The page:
corresponded with the principal and later, iirc, someone from the
project team at Education Queensland (the gov't department).

His experience was positive - the principal and department were open
to supporting other OSes and he was going to document the process of
getting GNU+Linux laptops connected with the potential of officially
supporting GNU+Linux in the future.  The importance of positive
communication - selling the benefits of a more heterogeneous
computing environment that reduced financial burden on families and
avoided vendor lock-in, and the credit it would be to the school
community and staff - cannot be overstated.

Unfortunately, in this case it seems that iBads specifically are
being pushed, rather than the general "bring a laptop to school"
initiative my friend dealt with.  The proposal detailed in the
letter is quite developed, but it seems that it is not yet a done
deal.

So what to do?

Get communicating.  Raise your concerns with the principal, deputy
and senior leader (whatever that is).  With other parents.  With the
department.  In letters, newletters, at meetings, at information
sessions.  Start now (if you haven't already).

Make people aware of the danger of user-subjugating devices and
operating systems, and the harm of educating children in a
homogeneous (monoculture) and proprietary computing environment.

Suggest positive alternatives.  Insist that a heterogeneous
computing program is essential and that striving to provide this to
students, when other schools are constraining the learning
opportunities of their students by enforcing a proprietary,
homogeneous computing environment, is truly the more innovative
approach.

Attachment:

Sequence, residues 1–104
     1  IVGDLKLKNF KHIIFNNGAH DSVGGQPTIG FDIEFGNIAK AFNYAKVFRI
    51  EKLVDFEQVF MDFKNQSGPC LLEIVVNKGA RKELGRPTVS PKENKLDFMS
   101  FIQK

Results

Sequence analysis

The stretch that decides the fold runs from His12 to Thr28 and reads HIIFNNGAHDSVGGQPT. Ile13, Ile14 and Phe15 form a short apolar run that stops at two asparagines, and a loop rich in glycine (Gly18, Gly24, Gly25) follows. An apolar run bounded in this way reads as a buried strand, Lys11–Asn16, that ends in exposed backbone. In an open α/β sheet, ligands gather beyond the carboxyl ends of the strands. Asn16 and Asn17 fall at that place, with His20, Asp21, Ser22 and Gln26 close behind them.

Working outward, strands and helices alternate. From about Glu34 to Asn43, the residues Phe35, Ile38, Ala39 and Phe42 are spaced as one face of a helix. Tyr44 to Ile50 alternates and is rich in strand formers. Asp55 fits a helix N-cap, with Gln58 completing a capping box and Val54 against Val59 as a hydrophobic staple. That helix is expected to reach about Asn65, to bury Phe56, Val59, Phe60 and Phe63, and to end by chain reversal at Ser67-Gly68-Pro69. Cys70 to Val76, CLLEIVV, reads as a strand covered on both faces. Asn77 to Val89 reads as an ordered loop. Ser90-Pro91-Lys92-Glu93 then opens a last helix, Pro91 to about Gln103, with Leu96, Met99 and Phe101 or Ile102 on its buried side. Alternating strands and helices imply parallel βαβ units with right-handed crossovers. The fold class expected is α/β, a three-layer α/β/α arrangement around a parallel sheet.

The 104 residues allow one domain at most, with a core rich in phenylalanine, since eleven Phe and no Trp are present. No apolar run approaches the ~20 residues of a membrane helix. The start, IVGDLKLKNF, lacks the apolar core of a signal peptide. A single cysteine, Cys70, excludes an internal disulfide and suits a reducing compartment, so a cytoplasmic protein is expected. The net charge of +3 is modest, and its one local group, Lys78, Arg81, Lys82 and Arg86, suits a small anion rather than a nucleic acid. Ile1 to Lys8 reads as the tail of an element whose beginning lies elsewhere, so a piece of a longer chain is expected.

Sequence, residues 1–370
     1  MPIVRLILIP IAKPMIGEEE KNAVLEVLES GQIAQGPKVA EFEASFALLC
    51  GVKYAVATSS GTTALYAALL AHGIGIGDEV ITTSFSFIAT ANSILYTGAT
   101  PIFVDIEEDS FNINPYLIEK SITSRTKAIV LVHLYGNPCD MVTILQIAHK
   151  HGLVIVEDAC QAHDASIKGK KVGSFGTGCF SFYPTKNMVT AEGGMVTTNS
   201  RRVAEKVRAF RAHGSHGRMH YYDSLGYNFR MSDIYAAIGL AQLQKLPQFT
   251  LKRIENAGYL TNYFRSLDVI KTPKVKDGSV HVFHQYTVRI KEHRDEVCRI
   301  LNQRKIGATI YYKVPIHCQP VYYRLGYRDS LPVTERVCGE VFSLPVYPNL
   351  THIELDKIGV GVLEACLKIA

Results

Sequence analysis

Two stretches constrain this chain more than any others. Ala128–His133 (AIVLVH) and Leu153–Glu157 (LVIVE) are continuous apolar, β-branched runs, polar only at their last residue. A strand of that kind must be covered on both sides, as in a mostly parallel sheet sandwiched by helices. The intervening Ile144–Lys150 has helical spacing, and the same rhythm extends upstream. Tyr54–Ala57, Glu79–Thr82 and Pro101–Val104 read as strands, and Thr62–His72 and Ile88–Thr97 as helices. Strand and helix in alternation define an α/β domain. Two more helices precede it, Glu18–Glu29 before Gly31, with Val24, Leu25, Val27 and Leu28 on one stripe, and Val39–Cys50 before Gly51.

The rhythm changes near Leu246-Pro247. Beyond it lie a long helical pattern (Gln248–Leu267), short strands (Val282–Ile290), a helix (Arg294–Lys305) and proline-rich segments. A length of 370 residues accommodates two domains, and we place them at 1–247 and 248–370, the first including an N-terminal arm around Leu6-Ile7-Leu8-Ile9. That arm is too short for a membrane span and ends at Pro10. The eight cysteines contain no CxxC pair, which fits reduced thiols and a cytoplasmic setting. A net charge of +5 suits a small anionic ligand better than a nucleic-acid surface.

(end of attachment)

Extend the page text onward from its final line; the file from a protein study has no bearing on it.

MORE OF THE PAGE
Deconstruct the arguments in favour of the iPad:

- The contradiction of "There are and should be multiple devices for
  learning" and "we nominate iPad as the core device" appearing in
  the same sentence.

- "Light and easy to carry; long battery life."  Are not other
  tablets?  I do not use a tablet computer but surely competitors
  are comparable.

- "Amazing selection of apps for content creation."  Which ones are
  intended to be used for learning activities?  If they can list
  some, are there alternatives or are they available on other
  tablets?  If they cannot provide examples, there is no basis for
  the program.  Procurement (or the requirement/suggestion for
  families to procure) must be based on specific requirements for
  learning activities.

- "Easy use by students of all abilities including those with
  special needs".  Citation needed (and one that provides comparison
  with other tablets/OSes).

Well, those are the main suggestions I have for you, but please let
us know how things go.  I must again emphasise the importance of
positive communication, suggesting practical alternatives and
elucidating the positive outcomes for students *and* those willing
to break the mould and innovate to achieve these outcomes.

Cheers,

Fraser


More information about the Free-software-melb mailing list